Read on...

Monday, December 30, 2019

“It’s Just Not Cool When a Guy Just Honks His Horn” - The Zodiac Killer (1971) - Film #167


We have not yet explored one of the most famous and fascinatingly unique films of all time, pizza restauranteur Tom Hanson's The Zodiac Killer (1971) aka Zodiac, one of a handful of films made as a plot by a private citizen to provide the public service of catching a serial killer.

Reviewer preppy-3 writes, "It's all too obvious padding--and boring padding at that! There's also tons of misogynistic comments, terrible dialogue, low production values and unsure direction." Reviewer wilburscott writes, "Obviously made by people who were not too hip to film-making, the film is shoddy and poorly shot." And reviewer utgard14 writes, "It's got some grit, I'll give it that, but it's all just so cheap, slow, and dull that I couldn't enjoy it."

Read on to find out more about The Zodiac Killer...


Monday, December 23, 2019

“A Message Board for Weirdos” - Dial Code Santa Claus (1990) - Film #166


In the holiday season, the film lover's thoughts turn to holiday classics. Last year, Senseless Cinema looked at the British classic Don't Open Till Christmas (1984). This year, we consider Rene Manzon's Dial Code Santa Claus (1990).

In a turn of events that might be considered a holiday miracle, even your universe's critics love Dial Code Santa Claus. As I am unable to find any negative reviews of this classic, read on to see why the film is so beloved...

Monday, December 16, 2019

“If There’s a Heaven, She’s Got a Box Seat” - Doom Asylum (1988) - Film #165


One of the most difficult of genres is the horror comedy. Let us turn to one of the finest examples of this genre, a film which succeeds based on its calculated risk of making the horror only mildly horrific and the comedy even less amusing. The film is Doom Asylum (1988), an early film directed by Richard Friedman, veteran of TV shows such as Tales from the Darkside and Friday the 13th: The Series, not to mention feature films such as Phantom of the Mall: Eric's Revenge (1989).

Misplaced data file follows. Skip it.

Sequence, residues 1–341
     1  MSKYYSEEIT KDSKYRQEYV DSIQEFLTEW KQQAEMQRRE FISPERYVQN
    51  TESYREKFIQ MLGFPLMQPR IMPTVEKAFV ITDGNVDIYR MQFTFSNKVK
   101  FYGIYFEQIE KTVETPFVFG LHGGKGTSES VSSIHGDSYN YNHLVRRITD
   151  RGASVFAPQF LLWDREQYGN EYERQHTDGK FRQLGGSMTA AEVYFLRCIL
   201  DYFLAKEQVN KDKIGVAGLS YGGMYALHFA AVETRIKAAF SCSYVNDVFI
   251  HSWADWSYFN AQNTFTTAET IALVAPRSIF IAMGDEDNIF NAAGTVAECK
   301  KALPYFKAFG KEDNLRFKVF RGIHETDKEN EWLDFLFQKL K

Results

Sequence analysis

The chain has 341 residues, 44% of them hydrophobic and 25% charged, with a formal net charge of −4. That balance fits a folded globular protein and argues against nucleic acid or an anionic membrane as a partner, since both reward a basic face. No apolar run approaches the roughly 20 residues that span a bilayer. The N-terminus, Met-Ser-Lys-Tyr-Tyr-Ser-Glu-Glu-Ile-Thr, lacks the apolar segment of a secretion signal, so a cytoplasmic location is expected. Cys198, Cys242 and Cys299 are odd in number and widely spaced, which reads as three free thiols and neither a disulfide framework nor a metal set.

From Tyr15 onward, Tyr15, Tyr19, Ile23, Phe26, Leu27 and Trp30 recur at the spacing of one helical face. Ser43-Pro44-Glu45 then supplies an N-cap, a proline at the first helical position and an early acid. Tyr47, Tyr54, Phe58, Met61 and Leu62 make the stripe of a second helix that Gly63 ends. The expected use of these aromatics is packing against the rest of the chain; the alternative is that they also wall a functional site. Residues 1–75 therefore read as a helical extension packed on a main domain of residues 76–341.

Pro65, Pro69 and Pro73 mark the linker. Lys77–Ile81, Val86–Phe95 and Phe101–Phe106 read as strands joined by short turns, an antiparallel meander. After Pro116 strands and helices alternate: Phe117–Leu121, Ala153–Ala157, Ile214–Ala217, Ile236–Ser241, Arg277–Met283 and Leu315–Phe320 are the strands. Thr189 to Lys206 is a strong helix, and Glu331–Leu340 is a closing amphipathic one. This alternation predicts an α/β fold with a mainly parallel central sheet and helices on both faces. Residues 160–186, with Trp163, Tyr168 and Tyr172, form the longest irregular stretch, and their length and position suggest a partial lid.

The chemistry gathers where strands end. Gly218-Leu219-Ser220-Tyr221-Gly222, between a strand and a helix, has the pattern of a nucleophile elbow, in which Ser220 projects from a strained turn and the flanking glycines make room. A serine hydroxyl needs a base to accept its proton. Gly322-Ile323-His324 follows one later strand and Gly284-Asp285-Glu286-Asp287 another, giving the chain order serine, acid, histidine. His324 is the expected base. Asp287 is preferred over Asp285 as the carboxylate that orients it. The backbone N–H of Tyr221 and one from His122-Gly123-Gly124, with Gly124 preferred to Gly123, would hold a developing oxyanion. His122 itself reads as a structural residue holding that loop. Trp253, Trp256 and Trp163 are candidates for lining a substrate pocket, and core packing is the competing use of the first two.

Of course, some critics do not appreciate comedy or horror. For example, reviewer dood15 writes, " i think this is really the worst movie i've ever seen. no plot, horrible effects, just plain bad." Reviewer Mr Blue-4 writes, "There might be a worse movie out there than this one, but I wouldn't want to see it. This is bad enough. Completely unfunny, and needless to say unscary, horror spoof of slasher films." And reviewer paul_haakonsen writes, "This movie was a horror comedy of sorts, but it failed on both fronts. There was nothing funny about it, and I wasn't laughing even a single time. Nor were there any real horror to it, unless you count some questionable slasher feature as being proper horror."

Despite these reviews, please read on to find out the truth about the rediscovered gem Doom Asylum...

Monday, December 9, 2019

“Things Just Sort of Pop Into It” - Night Vision (1987) - Film #164


When last we visited the mean streets of Denver, it was to celebrate the late Michael Krueger's Mindkiller (1987). Let us not visit Mr. Krueger's ambitious follow-up, Night Vision, released the same year.

Reviewer kannibalcorpsegrinder writes, "Among the many problems with this one is that there's just not enough screen-time here to really get invested in the horror angle behind this one as far too much time is taken up with lame and non- frightening scenarios that just don't give off any true horror feel from any of the scenes." Reviewer yourmotheratemydog715 writes, "It's actually very slow-moving, nothing much really happens, it completely shies away from gore and nudity, and it's not really even a horror movie." And reviewer liefcs writes, "Poor acting, virtually non-existent script, and also makes the mistake of taking itself seriously."

Heaven forbid anything take itself seriously! Read on for the truth about Michael Krueger's Night Vision...